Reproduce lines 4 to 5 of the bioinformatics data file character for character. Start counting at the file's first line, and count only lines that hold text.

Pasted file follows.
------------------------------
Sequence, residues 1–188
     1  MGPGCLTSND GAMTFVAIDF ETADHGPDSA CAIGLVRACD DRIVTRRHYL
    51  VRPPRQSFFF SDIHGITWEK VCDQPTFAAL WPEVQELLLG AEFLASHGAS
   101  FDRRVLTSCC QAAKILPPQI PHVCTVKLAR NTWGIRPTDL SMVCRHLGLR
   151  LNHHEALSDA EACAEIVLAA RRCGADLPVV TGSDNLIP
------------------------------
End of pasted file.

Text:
   101  FDRRVLTSCC QAAKILPPQI PHVCTVKLAR NTWGIRPTDL SMVCRHLGLR
   151  LNHHEALSDA EACAEIVLAA RRCGADLPVV TGSDNLIP